Last year, the Marine Research Institute initiated a wide ranging program for minke whale research in Icelandic waters. One of the sub-projects of the program involved tracking of the movements of minke whales by satellite telemetry. This part of the programme is conducted in cooperation between the Marine Research Institute and the Greenland Institute of Natural Resources. The minke whale is a migratory species spending the summer at productive feeding areas at high latitues, where they are believed to fulfill upto 80% of their annual food requirements during 4-6 months. According to the most recent sightings survey, around 44.000 minke whales inhabit the Icelandic continental shelf area during summer. Most of these animals leave Icelandic waters during autumn, but the whereabouts of the species during the winter breeding season is virtually unknown. It is generally assumed that minke whales and other species of the family Balaenopteridae migrate to warmer waters in lower latitudes for breeding.
During the period 27 August-23 September 2004 seven minke whales were instrumented with satellite transmitters in Faxaflói Bay, SW Iceland. Upto 8th October useful data were received from three of these animals and scientists were able to follow the movements of one animal out of Icelandic waters, SW along the Reykjanes Ridge down to 50°N.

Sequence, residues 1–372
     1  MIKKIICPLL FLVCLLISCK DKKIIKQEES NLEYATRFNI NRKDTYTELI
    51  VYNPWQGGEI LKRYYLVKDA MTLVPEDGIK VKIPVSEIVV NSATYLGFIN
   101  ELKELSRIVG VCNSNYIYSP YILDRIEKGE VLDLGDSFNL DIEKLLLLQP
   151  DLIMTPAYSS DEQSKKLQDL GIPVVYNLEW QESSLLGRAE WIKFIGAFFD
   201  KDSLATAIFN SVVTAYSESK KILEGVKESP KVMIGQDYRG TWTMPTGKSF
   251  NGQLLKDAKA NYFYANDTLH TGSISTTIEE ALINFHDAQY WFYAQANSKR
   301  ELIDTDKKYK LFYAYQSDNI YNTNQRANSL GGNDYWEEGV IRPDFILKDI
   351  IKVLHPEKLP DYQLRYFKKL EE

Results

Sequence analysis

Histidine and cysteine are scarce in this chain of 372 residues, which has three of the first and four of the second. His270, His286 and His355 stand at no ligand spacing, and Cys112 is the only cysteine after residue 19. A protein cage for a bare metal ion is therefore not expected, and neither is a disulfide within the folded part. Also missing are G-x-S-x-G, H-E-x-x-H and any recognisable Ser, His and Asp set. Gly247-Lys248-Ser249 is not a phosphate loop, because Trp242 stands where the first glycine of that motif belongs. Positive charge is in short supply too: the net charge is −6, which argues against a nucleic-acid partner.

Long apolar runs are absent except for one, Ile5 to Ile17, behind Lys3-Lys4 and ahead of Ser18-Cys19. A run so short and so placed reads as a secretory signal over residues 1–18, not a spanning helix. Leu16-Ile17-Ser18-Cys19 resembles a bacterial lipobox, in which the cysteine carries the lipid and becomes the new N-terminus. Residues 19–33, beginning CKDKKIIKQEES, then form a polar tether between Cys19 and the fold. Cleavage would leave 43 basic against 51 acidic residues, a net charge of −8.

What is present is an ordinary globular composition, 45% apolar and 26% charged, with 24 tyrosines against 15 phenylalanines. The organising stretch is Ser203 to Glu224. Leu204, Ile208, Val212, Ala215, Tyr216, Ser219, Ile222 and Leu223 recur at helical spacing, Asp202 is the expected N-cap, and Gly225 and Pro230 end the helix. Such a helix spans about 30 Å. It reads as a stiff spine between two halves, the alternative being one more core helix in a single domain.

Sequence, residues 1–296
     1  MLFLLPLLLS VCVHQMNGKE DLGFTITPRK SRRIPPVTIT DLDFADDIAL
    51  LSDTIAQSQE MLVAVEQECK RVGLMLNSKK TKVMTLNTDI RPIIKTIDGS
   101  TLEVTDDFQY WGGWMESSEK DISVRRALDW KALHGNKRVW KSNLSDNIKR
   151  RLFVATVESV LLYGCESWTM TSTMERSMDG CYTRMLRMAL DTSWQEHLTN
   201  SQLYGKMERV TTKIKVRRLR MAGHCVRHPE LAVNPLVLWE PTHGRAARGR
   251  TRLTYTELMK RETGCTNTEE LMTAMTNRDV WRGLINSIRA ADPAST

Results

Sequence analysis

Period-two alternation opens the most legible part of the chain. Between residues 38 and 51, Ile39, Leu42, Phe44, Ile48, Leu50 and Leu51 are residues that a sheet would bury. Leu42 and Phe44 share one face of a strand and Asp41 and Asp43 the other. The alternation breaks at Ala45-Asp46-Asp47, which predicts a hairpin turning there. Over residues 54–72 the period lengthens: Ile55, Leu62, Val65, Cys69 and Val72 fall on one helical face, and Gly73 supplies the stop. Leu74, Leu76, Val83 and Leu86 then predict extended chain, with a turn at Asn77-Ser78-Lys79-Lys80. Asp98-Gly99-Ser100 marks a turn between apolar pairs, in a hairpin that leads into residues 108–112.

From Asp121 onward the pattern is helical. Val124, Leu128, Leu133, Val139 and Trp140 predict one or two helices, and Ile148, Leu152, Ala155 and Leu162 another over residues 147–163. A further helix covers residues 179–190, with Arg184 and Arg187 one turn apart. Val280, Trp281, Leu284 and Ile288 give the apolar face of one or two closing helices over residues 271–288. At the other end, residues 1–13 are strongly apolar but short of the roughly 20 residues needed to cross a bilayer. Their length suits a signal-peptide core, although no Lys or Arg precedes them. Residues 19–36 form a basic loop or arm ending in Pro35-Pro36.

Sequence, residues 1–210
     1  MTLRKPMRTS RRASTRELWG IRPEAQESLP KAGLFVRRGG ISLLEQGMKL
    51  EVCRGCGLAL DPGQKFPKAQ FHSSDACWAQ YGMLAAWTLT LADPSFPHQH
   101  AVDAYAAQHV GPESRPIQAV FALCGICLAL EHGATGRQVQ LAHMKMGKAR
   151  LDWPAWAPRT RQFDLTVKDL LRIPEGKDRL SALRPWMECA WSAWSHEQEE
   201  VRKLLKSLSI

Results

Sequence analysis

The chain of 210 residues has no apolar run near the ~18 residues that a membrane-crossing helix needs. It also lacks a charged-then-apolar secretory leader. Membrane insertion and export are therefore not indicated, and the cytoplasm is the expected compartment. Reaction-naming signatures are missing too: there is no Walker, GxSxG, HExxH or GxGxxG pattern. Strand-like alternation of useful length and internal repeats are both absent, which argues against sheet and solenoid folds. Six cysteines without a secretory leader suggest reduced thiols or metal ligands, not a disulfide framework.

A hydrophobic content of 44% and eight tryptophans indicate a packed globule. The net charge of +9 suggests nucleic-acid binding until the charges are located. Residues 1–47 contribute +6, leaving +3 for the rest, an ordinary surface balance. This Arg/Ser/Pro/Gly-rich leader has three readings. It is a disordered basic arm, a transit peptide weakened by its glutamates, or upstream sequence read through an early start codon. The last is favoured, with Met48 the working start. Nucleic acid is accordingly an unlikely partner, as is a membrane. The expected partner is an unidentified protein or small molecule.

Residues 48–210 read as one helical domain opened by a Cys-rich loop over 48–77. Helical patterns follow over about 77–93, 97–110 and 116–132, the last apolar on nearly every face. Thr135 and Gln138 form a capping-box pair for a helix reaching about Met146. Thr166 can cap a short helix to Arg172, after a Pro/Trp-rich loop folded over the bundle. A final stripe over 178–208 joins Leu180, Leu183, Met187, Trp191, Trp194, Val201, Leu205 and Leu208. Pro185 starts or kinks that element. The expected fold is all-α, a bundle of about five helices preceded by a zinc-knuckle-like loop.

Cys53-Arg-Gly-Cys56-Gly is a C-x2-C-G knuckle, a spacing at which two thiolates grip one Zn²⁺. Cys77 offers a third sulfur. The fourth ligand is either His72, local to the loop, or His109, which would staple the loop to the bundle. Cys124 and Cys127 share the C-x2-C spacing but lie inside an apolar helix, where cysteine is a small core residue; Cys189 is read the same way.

On 17 November signals were received from a minke whale that had been tagged in Faxaflói Bay 27 August, the first data received from this animal. The position of the animal was then over the Mid-Atlantic Ridge, 500 nautical miles west of North Spain. The transmitter is active only every 6th day, to prolong the battery life, so the next transmission was on 23 November. Then, the minke whale had travelled some 700km to the south, into the Azores area. No useable transmissions were received on the 30th November, but on 5 December the animal had moved further to the south, along the Canary Current and was 1000km northwest of the Cape Verde Islands. This area is 3700km from Faxaflói Bay where the tag was put on more then three months previously.
These positions are considerably more southerly than the previous tagging attempts of minke whales in the North Atlantic hva shown. However, it must be borne in mind, that this is the first time we have succeded in tracking minke whales this late into the winter, and there were no signs of a halt in the southerly movements of the other two minke whales when they stopped transmitting (8 November 2002 and 8 October 2004). The migration route of the minke whale to the Azores area is unclear, but it cannot be precluded that it took similar route as the other two animals, i.e. SW along the Reykjanes Ridge and then turning eastward along the Mid Atlantic Ridge. Even though this research project has already provided important new knowledge on the migration of minke whales in the North Atlantic, and may still provide som additional information, more research is needed to cast further light on the migratory behaviour of the species, and it's residence during winter.